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HOME REPAIR

GUTTERS

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CABINETS / MILLWORK

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HOME STORE

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In-store Specials: Carpet & Vinyl starting at $1.99/sq. ft. 739 North Road, Gibsons, BC shelley@rugrunners.ca

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Providing Strata & Property Management Services for over 20 years Also Offering:

Strata Consulting Services for Smaller Stratas Representative of Non-Resident Owners for Air B&B Rentals Contact: Harry Drost, Owner/Broker 778-995-4099 • Email: info@lscproperties.ca

CALL 778-918-7910 TO RESERVE YOUR SPOT!


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The Local - Thursday, August 10, 2017

admin@thelocalweekly.ca ANNOUNCEMENTS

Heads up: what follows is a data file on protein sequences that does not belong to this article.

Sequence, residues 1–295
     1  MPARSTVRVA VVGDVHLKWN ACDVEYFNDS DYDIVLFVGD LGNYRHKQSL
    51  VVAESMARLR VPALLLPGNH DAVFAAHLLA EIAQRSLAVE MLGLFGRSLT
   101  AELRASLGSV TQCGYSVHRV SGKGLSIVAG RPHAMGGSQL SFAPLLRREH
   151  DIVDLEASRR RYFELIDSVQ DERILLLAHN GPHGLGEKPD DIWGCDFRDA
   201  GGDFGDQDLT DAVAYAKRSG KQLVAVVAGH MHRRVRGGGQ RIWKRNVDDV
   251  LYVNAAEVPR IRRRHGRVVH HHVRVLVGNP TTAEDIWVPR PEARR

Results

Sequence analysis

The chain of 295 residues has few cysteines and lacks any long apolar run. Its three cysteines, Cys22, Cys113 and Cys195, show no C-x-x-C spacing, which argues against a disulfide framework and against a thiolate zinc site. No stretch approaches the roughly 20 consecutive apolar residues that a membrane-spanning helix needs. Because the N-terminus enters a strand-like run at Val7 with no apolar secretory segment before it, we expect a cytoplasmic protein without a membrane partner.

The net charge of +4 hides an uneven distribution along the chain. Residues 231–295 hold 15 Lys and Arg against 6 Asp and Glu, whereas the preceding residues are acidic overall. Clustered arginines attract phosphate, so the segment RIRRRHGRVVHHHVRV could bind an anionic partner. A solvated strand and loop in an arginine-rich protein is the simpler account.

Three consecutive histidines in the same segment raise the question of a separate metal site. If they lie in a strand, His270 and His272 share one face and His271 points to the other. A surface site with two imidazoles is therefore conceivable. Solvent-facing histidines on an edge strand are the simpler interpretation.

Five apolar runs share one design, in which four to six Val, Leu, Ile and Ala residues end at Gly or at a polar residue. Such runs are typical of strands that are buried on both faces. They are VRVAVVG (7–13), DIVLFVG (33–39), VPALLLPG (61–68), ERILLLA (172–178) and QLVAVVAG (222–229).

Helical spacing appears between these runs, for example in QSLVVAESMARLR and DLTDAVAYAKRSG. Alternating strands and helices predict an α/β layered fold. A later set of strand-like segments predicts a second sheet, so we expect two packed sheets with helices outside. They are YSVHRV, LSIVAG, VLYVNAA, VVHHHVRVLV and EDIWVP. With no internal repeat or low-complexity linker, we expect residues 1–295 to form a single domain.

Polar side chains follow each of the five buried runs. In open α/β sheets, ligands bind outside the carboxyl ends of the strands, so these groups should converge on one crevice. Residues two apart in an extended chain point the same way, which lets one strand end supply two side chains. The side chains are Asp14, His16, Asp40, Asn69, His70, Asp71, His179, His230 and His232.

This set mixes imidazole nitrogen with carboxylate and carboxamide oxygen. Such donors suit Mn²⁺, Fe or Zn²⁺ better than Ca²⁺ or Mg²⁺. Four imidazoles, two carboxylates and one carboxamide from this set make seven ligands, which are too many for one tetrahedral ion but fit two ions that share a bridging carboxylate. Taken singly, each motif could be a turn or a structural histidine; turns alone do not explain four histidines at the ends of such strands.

ANNOUNCEMENTS COASTLINE

Serving Sunshine Coast residents since 2010 • Downsizing simplifying your space

Tricia Coffey 604.741.4424

• Decluttering • House Sale Preparation • Move Services

tricia@rightsizingsolutions.ca

• Home Contents Sales

www.rightsizingsolutions.com

• Estate Dispersal

LISTING YOUR

DOWNSIZING? Have furniture to donate? Consider SC Habitat for Humanity RESTORE in Sechelt. We pick up for you and provide a tax receipt when furniture is sold. Contact us 604-885-6773

ALANON / ALATEEN for

friends and families of alcoholics. Meetings Monday - Friday. Call 604-885-0101, 604-8862252, 604-886-4594, 604886-0228, 604-886-8578. ECHO’S DISCONTINUED CHINA, SILVER & ANTIQUES Need China Dinnerware and Silver Flatware e.g. Denby, Royal Albert, Doulton, Wedgewood Etc. Silver plate & Sterling,e.g. Birks & Community Cash & Consignment. Phone for appointment & information 604-980-8011 (a Must Please) www.echoschina.com

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the

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• Window Washing • Gutter Cleaning • Moss Removal • Siding Scrub • Construction Clean-Up • Power Washing • Commercial / Residential Alejandro: 604.741.4343 jun_hipolito@yahoo.com